John P. Calamos Sr. (ECON ’63, M.B.A. ’70) says that when he signed up to join the United States Air Force as an IIT student, his brother asked, “Are you crazy?”
In the late 1970s-a period marked by slow economic growth and raging inflation-when Calamos struck out on his own to start an investment firm specializing in the fledgling convertible securities market, colleagues commented, “Why in the world are you starting a business now?”
“I have always been a risk-taker,” says Calamos, founder, chairman, chief executive officer, and co-chief investment officer of Calamos Investments LLC, a $34-billion global asset management firm, many of whose funds have been among the top-ranked over the past 30 years. “I guess I don’t listen well to other people; if I think something is right to do, it’s what I’m going to do,” he admits, his words measured and spoken with a quiet confidence. “I just went my own way and made my own mistakes. I think about that a lot. If I had taken other people’s advice, would I have taken the chances that now have made me a success?”
Calamos has gained wide respect not just for taking risks but also for knowing how to manage them, a skill for which he credits his five years in the Air Force, which included a tour in Vietnam. His service began when he joined the IIT ROTC program, a decision he made because he thought he might like to fly planes. Just one course short of completing his M.B.A., Calamos received his notice to report to active duty.
“Within 12 months, I went from being a kid from Chicago’s West Side who knew only what an airplane was to flying supersonic jets in formation, at night,” he recalls in a conversation from the executive library of the sleek Calamos Investments Building in west suburban Naperville, Ill. As he points out models of various planes he has flown-a private, fun airplane called a Marchetti SF-260, an A-37 fighter jet, the supersonic T-38, Learjet, and a Citation X-that line his library’s bookshelves, he recounts that he left the service as a major with his pilot’s wings, as well as with lessons learned in leadership, camaraderie, and risk management.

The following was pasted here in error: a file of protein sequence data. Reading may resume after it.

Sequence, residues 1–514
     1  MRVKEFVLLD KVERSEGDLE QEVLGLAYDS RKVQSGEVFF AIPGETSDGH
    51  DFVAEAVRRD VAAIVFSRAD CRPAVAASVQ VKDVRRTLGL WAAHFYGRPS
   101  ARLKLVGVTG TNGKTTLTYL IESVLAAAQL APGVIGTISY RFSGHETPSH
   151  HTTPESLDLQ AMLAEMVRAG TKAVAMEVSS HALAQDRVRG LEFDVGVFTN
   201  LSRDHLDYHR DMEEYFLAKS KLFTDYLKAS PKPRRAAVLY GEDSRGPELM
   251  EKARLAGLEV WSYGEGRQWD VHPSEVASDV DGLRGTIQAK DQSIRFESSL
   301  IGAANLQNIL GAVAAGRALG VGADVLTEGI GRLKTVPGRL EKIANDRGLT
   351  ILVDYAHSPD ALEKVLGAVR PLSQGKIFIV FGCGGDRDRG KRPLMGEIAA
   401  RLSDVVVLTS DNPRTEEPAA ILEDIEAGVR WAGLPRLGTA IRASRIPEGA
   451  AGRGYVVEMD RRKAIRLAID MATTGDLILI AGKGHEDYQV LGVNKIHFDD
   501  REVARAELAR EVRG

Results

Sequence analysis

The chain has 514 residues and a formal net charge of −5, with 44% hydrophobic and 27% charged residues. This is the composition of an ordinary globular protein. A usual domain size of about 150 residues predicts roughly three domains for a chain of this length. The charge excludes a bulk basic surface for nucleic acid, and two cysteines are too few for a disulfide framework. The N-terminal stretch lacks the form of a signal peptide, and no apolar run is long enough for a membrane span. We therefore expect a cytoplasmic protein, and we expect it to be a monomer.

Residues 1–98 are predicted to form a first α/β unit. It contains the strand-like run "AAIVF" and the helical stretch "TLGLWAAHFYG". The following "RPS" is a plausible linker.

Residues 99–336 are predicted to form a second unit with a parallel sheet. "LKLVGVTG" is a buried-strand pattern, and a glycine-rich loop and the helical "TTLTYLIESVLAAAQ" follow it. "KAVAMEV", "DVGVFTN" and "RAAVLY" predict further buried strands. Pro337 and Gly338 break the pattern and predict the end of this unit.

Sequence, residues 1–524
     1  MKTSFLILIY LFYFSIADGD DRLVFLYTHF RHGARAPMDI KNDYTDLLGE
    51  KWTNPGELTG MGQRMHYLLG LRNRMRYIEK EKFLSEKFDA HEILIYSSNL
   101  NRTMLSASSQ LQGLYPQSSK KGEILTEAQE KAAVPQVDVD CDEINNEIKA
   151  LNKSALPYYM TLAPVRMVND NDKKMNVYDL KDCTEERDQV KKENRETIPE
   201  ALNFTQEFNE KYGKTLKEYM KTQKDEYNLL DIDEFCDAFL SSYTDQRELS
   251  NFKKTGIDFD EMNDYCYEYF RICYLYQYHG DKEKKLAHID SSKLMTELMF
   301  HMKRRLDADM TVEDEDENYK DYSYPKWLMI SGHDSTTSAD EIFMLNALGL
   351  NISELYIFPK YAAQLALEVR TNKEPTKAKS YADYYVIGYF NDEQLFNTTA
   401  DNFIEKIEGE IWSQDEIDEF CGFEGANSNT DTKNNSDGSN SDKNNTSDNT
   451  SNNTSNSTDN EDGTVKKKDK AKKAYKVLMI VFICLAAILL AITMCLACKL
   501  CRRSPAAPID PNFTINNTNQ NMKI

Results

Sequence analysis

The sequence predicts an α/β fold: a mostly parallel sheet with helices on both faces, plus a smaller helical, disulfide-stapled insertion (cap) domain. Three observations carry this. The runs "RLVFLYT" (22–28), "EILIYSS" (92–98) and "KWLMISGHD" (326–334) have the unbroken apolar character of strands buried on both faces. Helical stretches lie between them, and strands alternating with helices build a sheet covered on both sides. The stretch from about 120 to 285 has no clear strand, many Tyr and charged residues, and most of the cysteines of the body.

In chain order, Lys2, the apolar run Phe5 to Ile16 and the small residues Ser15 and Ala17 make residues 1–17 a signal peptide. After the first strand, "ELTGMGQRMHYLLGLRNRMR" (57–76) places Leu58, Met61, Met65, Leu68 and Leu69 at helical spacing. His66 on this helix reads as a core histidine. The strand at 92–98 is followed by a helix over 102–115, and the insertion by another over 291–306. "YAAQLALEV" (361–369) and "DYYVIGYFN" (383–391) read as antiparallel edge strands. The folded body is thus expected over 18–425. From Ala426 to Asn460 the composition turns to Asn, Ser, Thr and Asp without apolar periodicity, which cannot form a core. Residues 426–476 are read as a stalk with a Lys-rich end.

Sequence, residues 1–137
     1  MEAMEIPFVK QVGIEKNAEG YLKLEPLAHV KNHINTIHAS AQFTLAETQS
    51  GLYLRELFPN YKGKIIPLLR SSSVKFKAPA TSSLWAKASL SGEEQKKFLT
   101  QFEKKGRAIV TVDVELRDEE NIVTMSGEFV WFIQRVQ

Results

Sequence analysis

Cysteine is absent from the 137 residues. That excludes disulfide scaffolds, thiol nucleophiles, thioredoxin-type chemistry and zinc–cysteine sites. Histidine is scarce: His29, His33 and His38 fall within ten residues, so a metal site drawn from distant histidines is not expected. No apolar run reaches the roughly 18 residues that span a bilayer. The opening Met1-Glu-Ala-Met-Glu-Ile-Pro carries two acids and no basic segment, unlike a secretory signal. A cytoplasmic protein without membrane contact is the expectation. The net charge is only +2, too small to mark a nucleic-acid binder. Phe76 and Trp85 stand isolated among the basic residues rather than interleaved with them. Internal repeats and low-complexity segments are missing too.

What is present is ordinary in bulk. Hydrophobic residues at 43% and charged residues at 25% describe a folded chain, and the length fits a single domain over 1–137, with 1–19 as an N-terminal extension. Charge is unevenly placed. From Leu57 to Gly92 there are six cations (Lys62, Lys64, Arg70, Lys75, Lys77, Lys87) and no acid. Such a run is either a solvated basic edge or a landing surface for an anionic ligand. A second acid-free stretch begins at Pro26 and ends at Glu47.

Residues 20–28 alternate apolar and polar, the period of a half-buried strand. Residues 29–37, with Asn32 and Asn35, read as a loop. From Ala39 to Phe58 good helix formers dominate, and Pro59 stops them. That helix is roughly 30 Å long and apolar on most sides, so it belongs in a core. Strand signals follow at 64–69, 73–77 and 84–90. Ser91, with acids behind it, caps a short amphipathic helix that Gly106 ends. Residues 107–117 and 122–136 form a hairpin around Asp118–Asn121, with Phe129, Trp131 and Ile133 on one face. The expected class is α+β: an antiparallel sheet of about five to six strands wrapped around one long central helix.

“Ensure that you educate yourself about the risk, then try to think about what might go wrong and what you would do,” says Calamos, who over time dealt with such incidents as piloting a B-52 with an engine on fire. “Parallel to investing, there are so many factors influencing the outcomes; you try to quantify as many as possible. But there are still those outlier risks. You could know everything about the airplane, but if you end up flying in a thunderstorm-whoosh-it all goes away.”
Contemplating a situation and then making an informed and logical decision regarding its outcome seem second nature for Calamos, who frequently poses thought-provoking, rhetorical questions in the manner of Socrates, known for his ancient inquiry and debate methodology that stimulated critical thinking and ideation. Calamos says his introduction to such philosophers through his undergraduate coursework taught him how to really think.
“Philosophy asks, ‘What assumptions did you use here and why did you use them?’ To me, [my philosophy education] was eye-opening,” he says, noting that as a young boy growing up in the Greek Orthodox church, his global view was very narrow from a religious point of view. That all changed when he went to college and gained knowledge about the history of philosophy. While his interest in finance was triggered by his teenage discovery of Depression-era stock certificates in the basement of his parents’ home, he remains fascinated by the markets-“the pulse of how we feel”-because of their close relationship with the world at large.
An IIT trustee, Calamos, along with his wife, Mae, have committed $10 million to establish two endowed chairs at the university-to support a professor of philosophy at IIT College of Science and Letters, and to support the dean of IIT Stuart School of Business. He is also on the board of the city’s new National Hellenic Museum, which offers a rich slate of school programs acquainting children with Greek history and culture.
“Anything we could do to help motivate kids to become educated is worthwhile,” says Calamos. “In four years of college, my whole mindset changed completely.”
Calamos Investments LLC: www.calamos.com
“John Calamos’s Quest for Growth”: http://money.cnn.com/2011/03/25/pf/funds/john_calamos_investing.fortune/index.htm
National Hellenic Museum: www.nationalhellenicmuseum.org